Business reporters who like business? Who ever heard of such a thing!

August 29th, 2008
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Naïve outsiders – most normal humans – could be forgiven for imagining that, just as political journalists typically are fascinated with politics, travel writers enjoy going places and those who pen tales of skiing are thrilled at being in the mountains during winter, business writers actually are interested in – and maybe even like – business. But they’d be wrong, or at least have strong reason for doubt.
As someone who’s written on and off about business, finance, investment and the economy for 22 years, I’ve grown dismayed at the increasing proportion of what should be ordinary, detached business reporting that appears to be biased or tendentious. As others have cynically boiled it down, when a Democrat’s in the White House (or a Liberal in power in Ottawa), the economy is perennially growing to new records, but when it’s a Republican (or Conservative), it only ever stands teetering at the precipice of doom.
These days, I think it’s fair to suspect not only that many or even most business journalists instinctively distrust business leaders – seeing the next big corporate fraudster in virtually everyone they interview – but that many of them don’t even really like the market economy, or at least see it as being subordinate to political objectives.
Take this recent AP wire story. It concerned the news that, in fact, the U.S. was not in a recession, but had generated stronger than expected growth in the second quarter.
Big news – huge news. And surely something we can all agree is good, right? Unless you’re a fanatically partisan Bush-hater who wants the economy to crater for electoral reasons, I don’t see a business journalist finding much downside in hearing of economic growth – especially when it’s better (there I go; a truly objective journalist would just say “higher”) than expected.
But here was the AP headline: Spring’s economic rebound is unlikely to last
And the sub-hed or “dek” in industry parlance: Stimulus spent, housing still in dumps, GDP jump probably was aberration
Several layers of meaning there. First, what happened to the practice of headlining news with a headline that was about the news – you know, the actual recent event. Like, “Economy defies predictions, grows strongly”, with a dek of “Exports, tax rebates appear to have done the trick.”
The stories about various important parties’ reaction to the news would follow. In a normal universe, these would even be balanced, with experts on either side of whether the rebound will “last”.
Instead, we get the reaction before, in fact instead of any actual news story. This is now so ingrained that readers could be forgiven for thinking my sample headlines read like something out of the 1950s.
So we have the reaction supplanting the news itself, and we have a published headline and dek that are stunningly editorial and judgmental – more opinionated than headlines for many opinion columns I’ve read. In fact it obliquely suggests that Americans should regard economic good news during a Republican administration as freakish.
Now some of the content. Here’s the second sentence:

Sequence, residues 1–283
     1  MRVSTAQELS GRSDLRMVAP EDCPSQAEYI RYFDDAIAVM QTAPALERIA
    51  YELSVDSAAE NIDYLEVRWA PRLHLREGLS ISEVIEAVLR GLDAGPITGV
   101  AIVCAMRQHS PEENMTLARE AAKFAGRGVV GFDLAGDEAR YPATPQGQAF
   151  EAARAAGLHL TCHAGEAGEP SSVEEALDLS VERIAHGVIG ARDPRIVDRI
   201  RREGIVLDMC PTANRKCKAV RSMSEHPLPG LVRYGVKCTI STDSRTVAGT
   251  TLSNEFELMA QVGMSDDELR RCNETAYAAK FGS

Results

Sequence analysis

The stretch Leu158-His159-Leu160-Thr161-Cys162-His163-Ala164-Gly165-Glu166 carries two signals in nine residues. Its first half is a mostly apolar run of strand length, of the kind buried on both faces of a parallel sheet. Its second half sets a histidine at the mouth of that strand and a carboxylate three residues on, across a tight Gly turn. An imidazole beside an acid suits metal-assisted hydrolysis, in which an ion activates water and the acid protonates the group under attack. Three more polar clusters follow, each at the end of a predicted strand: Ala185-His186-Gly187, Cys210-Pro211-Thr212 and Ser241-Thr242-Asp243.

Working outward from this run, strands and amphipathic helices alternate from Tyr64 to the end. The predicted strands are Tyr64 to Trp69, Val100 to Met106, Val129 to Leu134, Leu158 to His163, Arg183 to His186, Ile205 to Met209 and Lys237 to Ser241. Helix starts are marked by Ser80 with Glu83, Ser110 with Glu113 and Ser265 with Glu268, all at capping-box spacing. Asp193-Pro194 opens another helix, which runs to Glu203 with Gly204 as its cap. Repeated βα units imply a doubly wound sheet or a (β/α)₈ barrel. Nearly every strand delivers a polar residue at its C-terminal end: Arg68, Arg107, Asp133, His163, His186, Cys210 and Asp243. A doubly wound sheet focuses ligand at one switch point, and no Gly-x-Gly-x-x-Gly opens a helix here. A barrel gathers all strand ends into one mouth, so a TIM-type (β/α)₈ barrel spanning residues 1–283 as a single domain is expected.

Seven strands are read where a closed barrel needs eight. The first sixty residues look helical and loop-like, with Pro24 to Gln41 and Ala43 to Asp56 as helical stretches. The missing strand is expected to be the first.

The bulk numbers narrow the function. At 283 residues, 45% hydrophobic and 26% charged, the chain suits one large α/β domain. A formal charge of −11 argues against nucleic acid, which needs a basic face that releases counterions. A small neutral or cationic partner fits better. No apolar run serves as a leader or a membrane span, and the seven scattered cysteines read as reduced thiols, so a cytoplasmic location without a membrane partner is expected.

Economic slowdowns overseas could make exports tail off just as Americans are hunkering down after the bracing impact of rebate checks wanes, plunging the country into another rut later this year.
The second sentence of a story about a major news event, then, is pure opinion and speculation, more political than economic. And the words used are shocking: “Hunkering…bracing…plunging…rut.” What’s with today’s business reporters? Are they all frustrated or washed-up war correspondents? Or do they volunteer for a political party in their off-hours?
Then: “The rebound followed two dismal quarters.”
“Dismal”? In the first quarter the U.S. economy grew at an annual pace of 0.9 percent. Weak, certainly – but far better than many had predicted, and dismal in neither absolute nor relative terms. (0.9 percent of U.S. GDP is about $150 billion – enough to recapitalize the nation’s entire print media.) Dodging the bullet of recession should have been cause for celebration.
But it was the same pack of business journalists, egged on by market bears and strangely bleak or defeatist public officials, who had been predicting not only a deep recession (two consecutive quarters of economic shrinkage) but warning there could even be a depression. (There’s an entire Internet genre of Depression-mongering ravings, which I won’t link to.)
It’s almost as if a lot of business journalists out there want there to be a recession, and are angry that the U.S. economy isn’t cooperating. What they’re wishing for, one hopes only semi-consciously, is more homes lost, more workers laid off, more life-savings evaporated, more companies failing and a longer wait until personal incomes resume climbing. They probably don’t want that explicitly, of course, but they’re letting their schadenfreude at the economy’s woes, which they probably link to the Bush White House, cloud their recognition of what bad economic news really means.
Phil Gramm, one of the toughest economic minds ever to occupy the U.S. Senate, had it right when he recently talked of a “mental recession”. Perhaps if Gramm had taken better aim in his rhetoric, describing the business press “as a pack of whiners” instead of Americans as a “nation of whiners”, he’d be a hero to many Americans and still have his job as a campaign adviser to John McCain.
By the way, the AP story ended – ended – by offhandedly noting that the Dow Jones Industrial Average shot up by 180 points upon news of the second quarter’s growth.
Today’s business reporter: not only hates business, but oblivious to which facts matter.
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